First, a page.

If social pressure in India to marry can be tremendous, then a new campaign suggests that it's much worse in China.
A skincare brand has launched a short video campaign, detailing the immense social stigma unmarried Chinese women beyond the age of 25 face. The video, shot in a documentary filmmaking style, and just under 5 minutes in length, is called “Marriage Market Takeover” and depicts how a group of these women challenged societal norms.
The film clip begins with images of little girls. In the background, we hear parents saying in a scolding tone: “You’re not a kid anymore. Find someone to marry. I won’t die in peace till you’re married. Don’t be so free willed.” As the girls grow into womanhood, but refuse to settle down, the parental voices label them “stubborn”, “picky” until finally, one of them uses the phrase: “You’re a leftover woman”.
Apparently in China, women over the age of 25 who aren’t married yet are called “sheng nu”. The words translate literally into: “leftover woman”.
As a montage of women enjoying a night out plays across the screen, several young women step forward to tell viewers their experiences:
“You become a subject that people talk about. And there’s so much social pressure,” says one, as we see glimpses of couples with kids and the elderly looking at single women.
And just as festivals and celebrations are the hardest time for singles all over the world, in China too it is no different. “Chinese New Year is the hardest time. So many people will ask you: How old are you? Why are you not married? You’re no longer young,” says one woman.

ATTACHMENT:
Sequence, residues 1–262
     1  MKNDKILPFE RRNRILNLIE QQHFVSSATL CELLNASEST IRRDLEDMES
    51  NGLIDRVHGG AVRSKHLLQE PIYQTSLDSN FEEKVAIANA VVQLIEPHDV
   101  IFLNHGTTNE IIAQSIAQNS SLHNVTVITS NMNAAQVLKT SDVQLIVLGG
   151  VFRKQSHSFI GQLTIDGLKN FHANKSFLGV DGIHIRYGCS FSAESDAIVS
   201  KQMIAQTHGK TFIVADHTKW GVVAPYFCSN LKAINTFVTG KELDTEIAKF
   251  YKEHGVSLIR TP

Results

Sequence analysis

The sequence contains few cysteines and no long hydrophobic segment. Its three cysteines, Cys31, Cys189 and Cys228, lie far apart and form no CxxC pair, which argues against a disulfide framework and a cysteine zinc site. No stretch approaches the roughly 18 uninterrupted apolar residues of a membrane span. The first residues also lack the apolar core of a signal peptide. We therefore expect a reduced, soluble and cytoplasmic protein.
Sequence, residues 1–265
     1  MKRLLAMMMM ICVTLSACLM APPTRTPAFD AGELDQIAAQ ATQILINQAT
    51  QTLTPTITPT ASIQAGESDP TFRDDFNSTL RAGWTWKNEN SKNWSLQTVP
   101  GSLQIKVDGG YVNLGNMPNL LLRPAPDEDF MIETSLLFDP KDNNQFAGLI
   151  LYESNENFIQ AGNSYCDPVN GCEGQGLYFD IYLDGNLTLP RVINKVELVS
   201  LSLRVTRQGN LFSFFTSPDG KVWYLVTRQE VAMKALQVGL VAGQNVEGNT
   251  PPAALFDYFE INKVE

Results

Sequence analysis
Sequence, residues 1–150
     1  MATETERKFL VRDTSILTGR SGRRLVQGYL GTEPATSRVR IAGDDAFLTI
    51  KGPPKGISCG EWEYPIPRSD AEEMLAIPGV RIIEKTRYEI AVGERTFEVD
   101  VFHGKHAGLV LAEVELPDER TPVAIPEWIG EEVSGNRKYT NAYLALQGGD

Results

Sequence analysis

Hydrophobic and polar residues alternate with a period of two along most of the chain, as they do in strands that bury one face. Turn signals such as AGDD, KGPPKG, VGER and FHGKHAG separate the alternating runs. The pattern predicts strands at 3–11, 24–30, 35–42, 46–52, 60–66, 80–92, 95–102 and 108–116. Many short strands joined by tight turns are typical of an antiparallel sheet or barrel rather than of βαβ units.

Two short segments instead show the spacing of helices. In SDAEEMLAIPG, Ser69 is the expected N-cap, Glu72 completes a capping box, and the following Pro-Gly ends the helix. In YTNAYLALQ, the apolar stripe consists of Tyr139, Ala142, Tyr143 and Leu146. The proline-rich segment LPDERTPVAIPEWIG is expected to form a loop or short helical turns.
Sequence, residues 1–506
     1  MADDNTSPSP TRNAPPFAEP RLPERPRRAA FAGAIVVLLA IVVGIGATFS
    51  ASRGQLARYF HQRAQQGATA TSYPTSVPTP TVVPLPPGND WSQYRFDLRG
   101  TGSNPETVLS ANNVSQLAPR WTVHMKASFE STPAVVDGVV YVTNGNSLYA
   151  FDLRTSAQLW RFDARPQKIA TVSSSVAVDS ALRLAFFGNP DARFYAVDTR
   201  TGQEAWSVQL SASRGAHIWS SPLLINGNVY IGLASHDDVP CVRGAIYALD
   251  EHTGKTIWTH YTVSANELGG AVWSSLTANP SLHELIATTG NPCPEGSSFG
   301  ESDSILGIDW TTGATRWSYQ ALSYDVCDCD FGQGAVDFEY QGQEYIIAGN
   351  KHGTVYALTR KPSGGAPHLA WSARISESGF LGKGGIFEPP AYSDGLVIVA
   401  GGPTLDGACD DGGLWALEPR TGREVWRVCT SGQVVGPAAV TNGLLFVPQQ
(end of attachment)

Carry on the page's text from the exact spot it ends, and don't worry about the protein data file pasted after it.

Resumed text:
“People in Chinese society think that an unmarried woman is incomplete. You feel like an outsider,” says another.
Their parents feel that things were easier in the olden days, when a matchmaker found a suitable match for you and then a couple was married. Perhaps a throwback to those days is the “Shanghai Marriage Market” — an event held in abustling people’s park in the city, where parents post profiles of their sons and daughters and look for an ideal match.
What’s his income? Does he have a house, a job, a car? These are the questions that are asked. “It’s like you’re selling your daughter,” says one of the young women featured in the campaign, explaining why she doesn’t like the idea of the marriage market.
The campaign helps turn social norms on their heads by having its women subjects attend the marriage market — but only to deliver a message to their parents. Against their portraits — positioned throughout the park — the daughters put up messages reflecting their true state of mind.
“I don’t want to get married just for the sake of marriage. I won’t live happily that way,” proclaims one.
“Even if I’m alone, I will be happy, confident and have a good life,” announces another.
As they see things from their daughters’ perspective, the parents too experience a change of heart, and one of them exclaims: “It’s the leftover women who need to watch out!”
As the video ends, we see one of the women encapsulate the change in attitude she wishes would come about in the way people see her: “As opposed to the term ‘leftover woman’, I (would like the one) ‘power woman’. I'm confident. I'm independent. I love life…I’m a pretty outstanding woman.”
Now if only someone would come up with a video like that for Indian parents!
Watch the video here: